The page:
First stop the Beacon Hill and the cobblestones of Acorn St. Next we drifted down to Charles Street and then into the Public Garden. After some Mama duck riding we Uber-ed it to Inman Square in Cambridge and Trina’s Starlight Lounge. Trina’s was the scene of one of their first dates but we were too early for the hipster-dive so we ducked into the Druid for some Guinness and Jameson’s. We had the place to almost to ourselves except for a few regulars who bought them drinks and posed for pix.
We ended at Trina’s where they scarfed the famous grilled hot dogs and indulged in some fancy cocktails. Save for the wedding dress this date seemed like it could have been just another regular Thursday night out for these guys–and I think that’s exactly what they wanted.
With just weeks to spare we snuck this lil’ engagement shoot in just before their wedding next week. They had a plan from dress (we changed into saree and kurta at the Sevens Pub on Charles Street), to the places on Boston Common that meant something to them. Late afternoon light did the rest and some impromptu first-dance-practicin’ added a bit of the unexpected. If this is how their Trinity Church ceremony and Colonade reception next weekend will go down it will be quite a day–and they only have to change outfits 3 times that day.
Lots of fun with Sondra and Erik and their little doggie strolling about Beacon Hill and then stepping out in the North End. As a Boston wedding photographer I always encourages my couples to bring props (umbrella’s come in handy) and a quick change of clothes ’cause you never know what Mother Nature will do. S &E took it to a whole ‘nother level having a 4-year-old Yorkshire Terrier complete with hair-do and bling. I can’t wait to see if lil’Oliver will be the official ring bearer for their November wedding. Time will tell–until then we have their Summer engagement shoot–“And her little dog, too.”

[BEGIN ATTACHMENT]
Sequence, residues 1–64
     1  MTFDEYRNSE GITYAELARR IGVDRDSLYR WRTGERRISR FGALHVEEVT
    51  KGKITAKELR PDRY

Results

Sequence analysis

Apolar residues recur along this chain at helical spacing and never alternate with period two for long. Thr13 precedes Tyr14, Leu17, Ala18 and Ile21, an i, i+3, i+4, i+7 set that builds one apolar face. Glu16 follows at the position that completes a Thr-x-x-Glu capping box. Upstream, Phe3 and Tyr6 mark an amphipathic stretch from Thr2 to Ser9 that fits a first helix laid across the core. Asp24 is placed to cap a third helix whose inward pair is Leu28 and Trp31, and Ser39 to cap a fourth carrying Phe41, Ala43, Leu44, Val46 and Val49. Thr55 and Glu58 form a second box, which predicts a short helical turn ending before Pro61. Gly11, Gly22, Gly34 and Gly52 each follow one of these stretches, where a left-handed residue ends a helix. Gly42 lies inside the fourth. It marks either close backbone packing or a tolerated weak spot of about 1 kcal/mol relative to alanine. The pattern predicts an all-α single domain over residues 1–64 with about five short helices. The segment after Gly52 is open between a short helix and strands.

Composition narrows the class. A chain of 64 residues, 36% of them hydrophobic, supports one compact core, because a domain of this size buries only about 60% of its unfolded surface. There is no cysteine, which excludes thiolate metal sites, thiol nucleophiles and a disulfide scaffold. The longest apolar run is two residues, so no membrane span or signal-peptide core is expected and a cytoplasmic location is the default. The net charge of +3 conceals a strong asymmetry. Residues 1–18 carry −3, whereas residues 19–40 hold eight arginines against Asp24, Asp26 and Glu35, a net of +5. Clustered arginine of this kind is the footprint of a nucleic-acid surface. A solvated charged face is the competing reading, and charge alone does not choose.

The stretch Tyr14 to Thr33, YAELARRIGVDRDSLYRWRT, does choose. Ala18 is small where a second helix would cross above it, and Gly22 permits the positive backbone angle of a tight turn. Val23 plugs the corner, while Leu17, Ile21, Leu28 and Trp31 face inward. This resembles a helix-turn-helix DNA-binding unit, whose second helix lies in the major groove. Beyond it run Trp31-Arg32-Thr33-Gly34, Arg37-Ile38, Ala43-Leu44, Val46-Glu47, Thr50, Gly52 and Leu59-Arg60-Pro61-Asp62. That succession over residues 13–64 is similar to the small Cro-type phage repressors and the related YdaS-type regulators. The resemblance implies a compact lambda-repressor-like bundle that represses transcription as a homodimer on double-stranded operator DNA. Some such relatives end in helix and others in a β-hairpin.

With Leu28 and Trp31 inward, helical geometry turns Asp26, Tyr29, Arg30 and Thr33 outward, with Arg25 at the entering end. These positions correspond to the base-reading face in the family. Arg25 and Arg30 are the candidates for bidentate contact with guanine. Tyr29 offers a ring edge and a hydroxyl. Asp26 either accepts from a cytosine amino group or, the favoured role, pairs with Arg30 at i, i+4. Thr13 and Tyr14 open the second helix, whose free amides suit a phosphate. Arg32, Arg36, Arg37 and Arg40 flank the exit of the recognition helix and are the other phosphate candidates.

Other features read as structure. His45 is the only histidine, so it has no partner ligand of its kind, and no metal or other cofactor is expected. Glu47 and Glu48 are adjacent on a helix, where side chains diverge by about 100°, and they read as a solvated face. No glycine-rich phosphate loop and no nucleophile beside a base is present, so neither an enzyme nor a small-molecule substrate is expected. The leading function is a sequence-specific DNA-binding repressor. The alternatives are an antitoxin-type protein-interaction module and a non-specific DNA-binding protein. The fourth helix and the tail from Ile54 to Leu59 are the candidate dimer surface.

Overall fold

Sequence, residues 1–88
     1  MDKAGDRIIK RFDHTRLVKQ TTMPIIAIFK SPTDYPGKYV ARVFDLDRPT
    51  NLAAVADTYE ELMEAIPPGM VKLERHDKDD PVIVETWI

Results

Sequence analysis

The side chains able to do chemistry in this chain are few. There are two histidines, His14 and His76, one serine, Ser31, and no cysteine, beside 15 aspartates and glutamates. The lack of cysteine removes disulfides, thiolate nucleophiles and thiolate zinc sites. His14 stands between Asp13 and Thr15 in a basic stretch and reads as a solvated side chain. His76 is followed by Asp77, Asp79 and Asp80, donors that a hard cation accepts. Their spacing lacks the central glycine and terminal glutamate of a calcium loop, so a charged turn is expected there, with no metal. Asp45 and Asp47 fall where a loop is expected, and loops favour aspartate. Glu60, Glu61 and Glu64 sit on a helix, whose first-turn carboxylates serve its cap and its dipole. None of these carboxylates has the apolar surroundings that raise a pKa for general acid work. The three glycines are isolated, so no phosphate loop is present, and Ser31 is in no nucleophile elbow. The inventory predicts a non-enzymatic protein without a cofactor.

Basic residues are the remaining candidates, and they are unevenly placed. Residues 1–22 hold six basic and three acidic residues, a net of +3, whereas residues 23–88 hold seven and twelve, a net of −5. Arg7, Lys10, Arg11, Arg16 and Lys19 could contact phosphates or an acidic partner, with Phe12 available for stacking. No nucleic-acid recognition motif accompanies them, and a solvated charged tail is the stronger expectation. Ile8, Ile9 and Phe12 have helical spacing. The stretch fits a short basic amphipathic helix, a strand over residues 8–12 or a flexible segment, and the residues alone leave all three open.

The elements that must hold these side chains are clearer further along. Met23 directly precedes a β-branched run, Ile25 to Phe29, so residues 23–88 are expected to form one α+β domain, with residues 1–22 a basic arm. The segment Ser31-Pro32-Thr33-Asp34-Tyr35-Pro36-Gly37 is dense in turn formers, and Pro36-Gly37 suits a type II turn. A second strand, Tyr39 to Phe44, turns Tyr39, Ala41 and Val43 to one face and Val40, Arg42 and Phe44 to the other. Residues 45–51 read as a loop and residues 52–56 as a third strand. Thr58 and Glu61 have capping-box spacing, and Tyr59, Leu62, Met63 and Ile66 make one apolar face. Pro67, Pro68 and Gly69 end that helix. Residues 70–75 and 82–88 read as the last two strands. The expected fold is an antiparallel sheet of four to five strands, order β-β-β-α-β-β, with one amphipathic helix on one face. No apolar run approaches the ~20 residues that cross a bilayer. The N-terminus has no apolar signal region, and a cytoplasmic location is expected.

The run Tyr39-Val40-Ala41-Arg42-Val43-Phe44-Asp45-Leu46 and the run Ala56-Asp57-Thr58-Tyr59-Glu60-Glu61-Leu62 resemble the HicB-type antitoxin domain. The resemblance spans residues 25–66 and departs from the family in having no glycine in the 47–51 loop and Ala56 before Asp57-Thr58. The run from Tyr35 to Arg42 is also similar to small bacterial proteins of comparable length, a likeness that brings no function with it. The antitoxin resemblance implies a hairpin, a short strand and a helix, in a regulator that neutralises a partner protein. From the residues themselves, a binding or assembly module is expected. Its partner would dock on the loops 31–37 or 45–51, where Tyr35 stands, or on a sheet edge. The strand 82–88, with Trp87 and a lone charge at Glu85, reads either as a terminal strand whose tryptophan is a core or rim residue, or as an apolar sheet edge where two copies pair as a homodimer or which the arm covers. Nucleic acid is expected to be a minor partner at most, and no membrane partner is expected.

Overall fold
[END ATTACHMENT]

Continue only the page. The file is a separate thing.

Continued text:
I’ve worked the same wedding venue back to back many nights and shot engagement sessions in the same location on the same day but no matter how often and how similar the locations, no two sessions are ever the same. As a photojournalist I know its the people I photograph that make my photography come to Life and give it its Essence. My job is special in lots of ways. I don’t sit in a cubicle (no offense to anyone who finds that appealing), I never watch the clock (ready to slide down the dinosaur’s tale when the quittin’ time whistle blows) and I’m usually always surprised how this job keeps me present in the Right Now without me feeling overworked or overburdened. This is Zen in the Art of Photography at its finest.
My aim (no pun intended), like Eugen Herrigel’s in his famous text Zen in the Art of Archery, is to somehow allow my subjects to photograph themselves. No I haven’t lost my mind. I want this to feel effortless even as I hump my gear and myself up trees, into ponds and and all over the place, quickly switching lenses and perspective, changing position all the while keeping the mood light and fun and engaging. Tons of contradictions abound but I truly want the camera to find a way to shoot itself. Much like Herrigel’s arrow finds its natural state at the center of the bullseye so to do my subjects find their organic bullseye framed within my sensor confines–that is their natural state. This process is best when it happens in the viewfinder but sometimes must be found in the edit and brought to light (The number one reason you hire a professional photographer).